Queensland's outgoing Integrity Commissioner says she's in a position of "inherent vulnerability" and has backed calls for a formal investigation into the Public Service Commission's actions and "considerable powers".
Dr Nikola Stepanov, who maintains the register of lobbyists and give politicians confidential integrity advice, announced her resignation last week, midway through a three-year term.
Her decision comes with the Crime and Corruption Commission reportedly probing a complaint Dr Stepanov made against the PSC for seizing a laptop from her office and then wiping the device without her knowledge or permission.
The commissioner initially remained silent about her reasons for quitting, but has since released a lengthy statement partially aimed at the peak public service body.
Dr Stepanov says "it is not appropriate" for the PSC to have control over the Integrity Commissioner's budget, staff and resources.
""The provision of financial and administrative support for the Integrity Commissioner through the PSC creates the potential for conflicts of interest to arise between the two entities' functions," she said in a statement on Wednesday night.
""Further, the current governance arrangements operate in such a way as to place the Integrity Commissioner in a position of inherent vulnerability, due to dependence on the PSC exercising its considerable powers in a judicious manner."
Premier Annastacia Palaszczuk initially downplayed Dr Stepanov's resignation, saying on Monday that "people change jobs all the time".
Ms Palaszczuk hasn't fronted the media in Brisbane for three days or responded to the Integrity Commissioner's call for a PSC probe.
Health Minister Yvette D'Ath refused to comment on Dr Stepanov's statement, which she said she hadn't seen, but said the government was "proud of the transparency we had had".
"I'm not going speak for the premier, I'm sure you can ask her those questions," Ms D'Ath told reporters on Thursday.
"She's had plenty of questions on the integrity commissioner over the last few days and she's answered those questions."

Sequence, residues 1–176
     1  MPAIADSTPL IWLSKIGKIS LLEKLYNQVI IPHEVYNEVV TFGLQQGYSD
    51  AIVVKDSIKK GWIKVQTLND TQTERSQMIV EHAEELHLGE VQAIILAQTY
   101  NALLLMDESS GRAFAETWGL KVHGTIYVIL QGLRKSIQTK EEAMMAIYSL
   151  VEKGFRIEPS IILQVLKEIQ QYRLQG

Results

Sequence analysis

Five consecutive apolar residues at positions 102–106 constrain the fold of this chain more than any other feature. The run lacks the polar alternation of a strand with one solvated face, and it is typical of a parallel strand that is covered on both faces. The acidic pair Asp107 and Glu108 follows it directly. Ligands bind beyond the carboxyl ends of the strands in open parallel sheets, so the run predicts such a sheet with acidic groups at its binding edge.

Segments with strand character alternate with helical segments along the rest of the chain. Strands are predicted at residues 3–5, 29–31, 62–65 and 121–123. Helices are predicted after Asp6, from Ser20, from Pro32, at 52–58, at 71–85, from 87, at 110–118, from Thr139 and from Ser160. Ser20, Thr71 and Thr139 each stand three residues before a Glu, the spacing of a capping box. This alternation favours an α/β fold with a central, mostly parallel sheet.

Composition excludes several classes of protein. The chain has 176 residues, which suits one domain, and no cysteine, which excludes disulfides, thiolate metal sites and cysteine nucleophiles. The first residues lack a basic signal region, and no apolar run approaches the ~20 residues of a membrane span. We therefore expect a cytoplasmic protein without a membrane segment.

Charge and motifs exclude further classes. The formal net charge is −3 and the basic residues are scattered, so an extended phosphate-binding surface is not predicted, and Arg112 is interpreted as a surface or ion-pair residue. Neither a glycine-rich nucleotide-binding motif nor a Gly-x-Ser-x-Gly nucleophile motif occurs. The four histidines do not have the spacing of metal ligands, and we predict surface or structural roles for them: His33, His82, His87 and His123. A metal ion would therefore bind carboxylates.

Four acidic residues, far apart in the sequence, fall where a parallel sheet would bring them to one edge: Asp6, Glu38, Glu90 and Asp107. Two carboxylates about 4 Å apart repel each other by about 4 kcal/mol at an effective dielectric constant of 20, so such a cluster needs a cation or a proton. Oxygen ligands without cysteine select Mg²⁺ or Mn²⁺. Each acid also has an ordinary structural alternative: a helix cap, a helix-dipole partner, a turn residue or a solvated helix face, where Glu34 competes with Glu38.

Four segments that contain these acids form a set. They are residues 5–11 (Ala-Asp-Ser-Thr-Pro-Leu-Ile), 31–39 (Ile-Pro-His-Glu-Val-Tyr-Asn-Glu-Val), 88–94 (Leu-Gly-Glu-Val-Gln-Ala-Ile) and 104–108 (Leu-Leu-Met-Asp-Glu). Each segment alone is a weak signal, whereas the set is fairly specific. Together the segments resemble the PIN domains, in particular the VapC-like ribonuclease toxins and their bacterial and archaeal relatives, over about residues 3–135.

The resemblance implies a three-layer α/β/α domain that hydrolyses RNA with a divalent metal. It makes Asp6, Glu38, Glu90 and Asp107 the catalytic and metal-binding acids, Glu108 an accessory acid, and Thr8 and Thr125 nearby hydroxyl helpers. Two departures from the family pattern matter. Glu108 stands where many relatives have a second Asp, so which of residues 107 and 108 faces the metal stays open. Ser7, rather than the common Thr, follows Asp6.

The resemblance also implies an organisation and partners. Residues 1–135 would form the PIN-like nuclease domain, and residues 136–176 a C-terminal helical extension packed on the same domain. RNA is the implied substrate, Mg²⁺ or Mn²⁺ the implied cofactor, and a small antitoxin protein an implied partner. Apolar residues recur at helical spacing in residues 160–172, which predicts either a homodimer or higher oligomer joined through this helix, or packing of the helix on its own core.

Liberal National Party leader David Crisafulli has called for a full inquiry into the PSC raid, saying it wasn't just a "minor breach of transparency".
He accused Premier Annastacia Palaszczuk of ordering a "goon squad" raid and said the public had a right to know how she would benefit from it.
"That's the sort of stuff that you see in the Kremlin in Russia," Mr Crisafulli said.
Dr Stepanov's decision to resign came shortly before CCC chair Alan MacSporran announced on Tuesday afternoon that he would also quit.
The corruption watchdog boss had been under a cloud with Cabinet considering a scathing Parliamentary Crime and Corruption Committee report into the CCC.
The committee's recommended a royal commission into the watchdog after its botched probe into Logan Council.
The Integrity Commissioner said the timing of her resignation, so close to Mr MacSporran's, was a coincidence.
"My resignation has been considered and planned for some time and could not be regarded as unexpected," Dr Stepanov said.
However, she noted that details of her confidential resignation notice "were provided to the media" before the statutory processes had been completed.
Dr Stepanov said it was her "absolute privilege" to serve as the state's fifth Integrity Commissioner, but a strategic review completed in September "signalled the start of what ought to be a new chapter for the office."
Australian Associated Press
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